“Senator Collins will be well funded, I can assure you,” Senate Majority Leader Mitch McConnell said on Fox News after the Kavanaugh vote.

Collins’ critics were quick to note that her fundraising spree was largely due to out-of-state donors. Since the start of 2017, the senator received nearly $57,000 in itemized contributions greater than $200 from Maine residents, which amounts to only 2.3 percent of the total itemized contributions she took in during that time period.

On the other hand, most of the anti-Collins fundraising on CrowdPac and other online platforms came in from out-of-state donors as well, suggesting that the 2020 Senate race is likely to be shaped by out-of-state money on both sides.

CrowdPac shut down its website last week after facing controversy over its business practices, so the anti-Collins fund is now hosted on ActBlue. The donations will be released to the campaign of the Democratic nominee once that person is chosen — likely after the Democratic primary next June.

Access to abortion will likely be a key issue during the general election. Gideon drew a sharp contrast with Collins during the Maine legislative session this spring, sponsoring a bill that authorized nurse practitioners and physician assistants to perform abortions.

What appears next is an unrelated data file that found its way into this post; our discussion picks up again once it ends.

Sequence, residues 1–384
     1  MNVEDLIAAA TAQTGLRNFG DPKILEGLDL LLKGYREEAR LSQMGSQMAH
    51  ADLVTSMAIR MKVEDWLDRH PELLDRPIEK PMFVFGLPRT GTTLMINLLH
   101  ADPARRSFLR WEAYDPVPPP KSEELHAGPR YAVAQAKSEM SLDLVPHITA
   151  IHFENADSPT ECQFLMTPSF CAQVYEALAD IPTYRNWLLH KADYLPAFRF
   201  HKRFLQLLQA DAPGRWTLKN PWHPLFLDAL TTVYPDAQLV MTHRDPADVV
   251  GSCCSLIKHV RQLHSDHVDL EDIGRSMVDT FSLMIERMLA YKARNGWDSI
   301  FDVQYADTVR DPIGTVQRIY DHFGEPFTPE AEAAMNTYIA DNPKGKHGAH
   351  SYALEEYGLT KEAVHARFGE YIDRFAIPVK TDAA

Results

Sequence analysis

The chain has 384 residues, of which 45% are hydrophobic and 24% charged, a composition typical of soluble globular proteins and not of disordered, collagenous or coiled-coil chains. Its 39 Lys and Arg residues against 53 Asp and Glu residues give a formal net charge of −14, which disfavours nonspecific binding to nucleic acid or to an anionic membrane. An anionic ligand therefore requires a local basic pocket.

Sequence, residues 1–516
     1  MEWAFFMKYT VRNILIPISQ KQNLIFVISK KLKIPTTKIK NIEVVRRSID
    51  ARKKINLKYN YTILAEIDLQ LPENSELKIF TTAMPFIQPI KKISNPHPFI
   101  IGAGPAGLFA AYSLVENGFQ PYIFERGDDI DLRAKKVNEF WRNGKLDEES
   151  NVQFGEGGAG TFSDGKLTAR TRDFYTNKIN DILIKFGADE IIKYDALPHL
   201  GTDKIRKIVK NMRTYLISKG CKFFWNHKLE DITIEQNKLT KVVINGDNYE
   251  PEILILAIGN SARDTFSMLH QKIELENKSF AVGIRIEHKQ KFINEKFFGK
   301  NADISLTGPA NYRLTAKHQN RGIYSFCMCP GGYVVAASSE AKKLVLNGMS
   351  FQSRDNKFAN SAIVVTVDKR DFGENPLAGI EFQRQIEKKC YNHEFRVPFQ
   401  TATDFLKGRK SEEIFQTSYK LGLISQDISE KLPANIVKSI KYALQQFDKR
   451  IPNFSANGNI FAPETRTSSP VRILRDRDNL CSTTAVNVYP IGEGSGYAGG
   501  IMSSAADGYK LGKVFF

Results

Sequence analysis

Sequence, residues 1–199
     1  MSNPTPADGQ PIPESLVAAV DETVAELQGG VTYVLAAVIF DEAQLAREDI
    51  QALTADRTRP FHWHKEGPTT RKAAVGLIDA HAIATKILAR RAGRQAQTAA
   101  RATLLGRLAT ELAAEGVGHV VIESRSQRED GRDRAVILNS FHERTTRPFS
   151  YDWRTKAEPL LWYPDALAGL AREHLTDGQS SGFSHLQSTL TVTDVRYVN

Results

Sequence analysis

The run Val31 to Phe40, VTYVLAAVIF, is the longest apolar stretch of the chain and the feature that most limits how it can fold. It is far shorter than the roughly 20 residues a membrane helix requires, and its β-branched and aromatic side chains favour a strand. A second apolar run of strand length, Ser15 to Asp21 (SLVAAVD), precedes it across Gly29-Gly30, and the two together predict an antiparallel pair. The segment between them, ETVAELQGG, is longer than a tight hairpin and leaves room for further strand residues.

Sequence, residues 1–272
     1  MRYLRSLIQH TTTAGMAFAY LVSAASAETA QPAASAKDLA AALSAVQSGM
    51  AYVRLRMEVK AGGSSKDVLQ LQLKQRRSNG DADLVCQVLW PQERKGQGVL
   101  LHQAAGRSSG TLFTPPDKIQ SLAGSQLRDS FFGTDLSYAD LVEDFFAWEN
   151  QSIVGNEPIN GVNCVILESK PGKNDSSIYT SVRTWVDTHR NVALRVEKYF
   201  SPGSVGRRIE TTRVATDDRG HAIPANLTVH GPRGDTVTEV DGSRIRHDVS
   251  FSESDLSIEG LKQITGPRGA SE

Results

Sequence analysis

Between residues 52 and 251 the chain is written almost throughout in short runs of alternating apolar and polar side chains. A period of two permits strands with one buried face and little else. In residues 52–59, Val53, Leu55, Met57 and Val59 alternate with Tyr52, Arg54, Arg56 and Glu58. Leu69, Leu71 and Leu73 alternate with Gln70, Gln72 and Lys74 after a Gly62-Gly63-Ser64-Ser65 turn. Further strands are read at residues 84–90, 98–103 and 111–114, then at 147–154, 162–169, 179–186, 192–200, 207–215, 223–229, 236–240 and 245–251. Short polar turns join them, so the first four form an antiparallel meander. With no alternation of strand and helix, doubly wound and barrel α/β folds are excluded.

Several independent candidates will likely wade into the race as well, including attorney Tiffany Bond, who won nearly 6 percent of the vote in the Maine 2nd District House race last year after telling her supporters to donate to local causes instead of her campaign. The 2018 midterms in Maine were the first federal election to use ranked-choice voting, which will again be in play in 2020.

By most measures, Collins is still a formidable opponent. She had $3.8 million in cash on hand at the end of the first quarter of 2019. She has been reelected to the U.S. Senate three times and carried all 17 of Maine’s counties in each of those elections. She has broad name recognition across the state, something each of her challengers will need to build.

But Maine also swung sharply to the left in 2018, with Democrats flipping the state Senate, the governor’s office and the 2nd District. Collins is now the only Republican on the state’s congressional delegation, and her approval rating — though still positive — has steadily declined since 2017, according to polling by Morning Consult.

The incumbent senator might benefit if President Donald Trump’s presence on the ballot increases Republican turnout, even though Collins herself declined to endorse the president in 2016. Trump picked up one of Maine’s electoral votes in 2016 by winning the majority of votes in the state’s rural 2nd District.

When that district flipped back to Democrats in 2018, it was the most expensive congressional race in Maine’s history, with the two candidates and their outside group allies spending a combined $23 million.

Time will tell if Collins and her opponent need more than that.